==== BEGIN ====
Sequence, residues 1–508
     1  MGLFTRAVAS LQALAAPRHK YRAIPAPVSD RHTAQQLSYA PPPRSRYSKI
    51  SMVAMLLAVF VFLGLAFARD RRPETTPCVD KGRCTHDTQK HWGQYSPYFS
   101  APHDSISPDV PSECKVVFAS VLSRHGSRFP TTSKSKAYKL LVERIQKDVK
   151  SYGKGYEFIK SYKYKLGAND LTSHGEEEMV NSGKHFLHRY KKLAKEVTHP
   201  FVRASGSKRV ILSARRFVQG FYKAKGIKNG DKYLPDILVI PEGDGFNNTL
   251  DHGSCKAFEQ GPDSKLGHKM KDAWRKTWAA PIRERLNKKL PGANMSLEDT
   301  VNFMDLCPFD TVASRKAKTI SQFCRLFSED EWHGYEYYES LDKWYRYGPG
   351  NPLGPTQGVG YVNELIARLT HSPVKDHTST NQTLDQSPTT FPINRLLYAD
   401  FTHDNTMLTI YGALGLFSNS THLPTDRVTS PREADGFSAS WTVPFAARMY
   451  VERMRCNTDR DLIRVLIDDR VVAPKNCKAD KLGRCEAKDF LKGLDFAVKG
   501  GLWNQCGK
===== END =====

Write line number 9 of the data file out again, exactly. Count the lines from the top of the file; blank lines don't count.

   351  NPLGPTQGVG YVNELIARLT HSPVKDHTST NQTLDQSPTT FPINRLLYAD